I started checking into the "Mission Trail" traffic net on 3954 KHz every night, and started handling "radiograms”.  My phone activity increased, when I upgraded to a B&W5100 TX and a Heath Mohawk RX. The "time and frequency" standard for the net was from W6KUU Hal, who had a large monster of a TX called a Collins KW1. The RX was a Super Pro with a large spinner knob. To watch Hal work high speed CW traffic net’s was like watching an artist. Hal had the ability of using stereo headphones with TWO CW nets going, one in each ear. He could keep the two CW stations separate in his head and obtain near perfect copy. His other trick was to monitor traffic on one net while carrying on a conversation with a visitor in the ham shack, He would pause the conversation and turn back to his mill and type at a furious pace to "catch up", then turn back to the visitor and say "as you were saying?"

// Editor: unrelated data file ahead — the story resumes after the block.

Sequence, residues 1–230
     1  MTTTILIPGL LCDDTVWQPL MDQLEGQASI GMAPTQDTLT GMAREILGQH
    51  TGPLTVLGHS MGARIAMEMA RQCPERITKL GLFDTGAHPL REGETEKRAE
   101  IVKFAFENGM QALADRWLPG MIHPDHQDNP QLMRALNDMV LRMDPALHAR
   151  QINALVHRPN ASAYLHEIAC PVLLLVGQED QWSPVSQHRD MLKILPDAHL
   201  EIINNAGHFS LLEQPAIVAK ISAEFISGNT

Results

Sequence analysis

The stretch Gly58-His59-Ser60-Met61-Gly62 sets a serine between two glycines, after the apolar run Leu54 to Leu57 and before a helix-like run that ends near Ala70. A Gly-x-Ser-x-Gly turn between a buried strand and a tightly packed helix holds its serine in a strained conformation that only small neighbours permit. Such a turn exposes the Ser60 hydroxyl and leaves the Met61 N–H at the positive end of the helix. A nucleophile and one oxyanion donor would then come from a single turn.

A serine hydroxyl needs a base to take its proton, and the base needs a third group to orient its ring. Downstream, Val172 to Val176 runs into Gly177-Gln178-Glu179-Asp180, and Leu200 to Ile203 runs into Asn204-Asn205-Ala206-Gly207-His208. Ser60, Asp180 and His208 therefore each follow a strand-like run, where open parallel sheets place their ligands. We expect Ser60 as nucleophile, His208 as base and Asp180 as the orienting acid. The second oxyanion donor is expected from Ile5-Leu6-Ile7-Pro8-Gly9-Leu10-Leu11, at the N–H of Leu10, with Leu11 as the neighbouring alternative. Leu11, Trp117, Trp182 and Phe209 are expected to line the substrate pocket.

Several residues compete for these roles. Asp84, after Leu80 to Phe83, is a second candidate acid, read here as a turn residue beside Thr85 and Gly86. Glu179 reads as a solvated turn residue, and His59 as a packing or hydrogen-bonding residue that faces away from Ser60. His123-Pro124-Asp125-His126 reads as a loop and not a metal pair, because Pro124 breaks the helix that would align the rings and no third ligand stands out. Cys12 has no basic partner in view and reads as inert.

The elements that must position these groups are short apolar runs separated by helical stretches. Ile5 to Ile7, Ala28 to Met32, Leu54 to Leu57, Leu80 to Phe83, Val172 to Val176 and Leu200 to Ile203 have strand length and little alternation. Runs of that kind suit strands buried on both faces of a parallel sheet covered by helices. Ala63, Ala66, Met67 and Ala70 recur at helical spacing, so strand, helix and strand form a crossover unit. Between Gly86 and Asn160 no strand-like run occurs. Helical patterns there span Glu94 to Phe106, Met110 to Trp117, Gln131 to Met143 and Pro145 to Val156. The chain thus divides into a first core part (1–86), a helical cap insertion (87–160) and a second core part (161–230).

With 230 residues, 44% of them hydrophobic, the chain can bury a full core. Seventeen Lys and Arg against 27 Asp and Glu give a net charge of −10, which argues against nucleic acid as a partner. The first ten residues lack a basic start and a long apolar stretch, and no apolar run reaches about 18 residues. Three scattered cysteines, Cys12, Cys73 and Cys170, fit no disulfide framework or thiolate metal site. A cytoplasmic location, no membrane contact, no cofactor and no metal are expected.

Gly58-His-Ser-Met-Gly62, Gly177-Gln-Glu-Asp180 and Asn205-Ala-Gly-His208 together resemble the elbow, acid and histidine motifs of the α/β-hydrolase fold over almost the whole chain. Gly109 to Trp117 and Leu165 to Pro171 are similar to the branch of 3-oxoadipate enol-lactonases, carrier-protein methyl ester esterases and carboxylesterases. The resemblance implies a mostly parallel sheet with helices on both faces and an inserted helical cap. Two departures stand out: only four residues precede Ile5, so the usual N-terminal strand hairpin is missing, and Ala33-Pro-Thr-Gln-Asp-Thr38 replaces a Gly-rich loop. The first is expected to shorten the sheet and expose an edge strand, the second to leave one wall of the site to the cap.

In those days the "El Cajon Amateur Radio Club" was being formed by Ed - WA6BGS. In those days El Cajon was still rural and there were horses and groves of trees. Ed had his Ham Shack in an old barn. He had a tower with a large Yagi on top. The TX was a Globe King 500 and the RX was a Collins 75A4, what a beautiful station. I could only dream! The ECARC is still an active large club and after ED's passing, they adopted his call sign as a club call.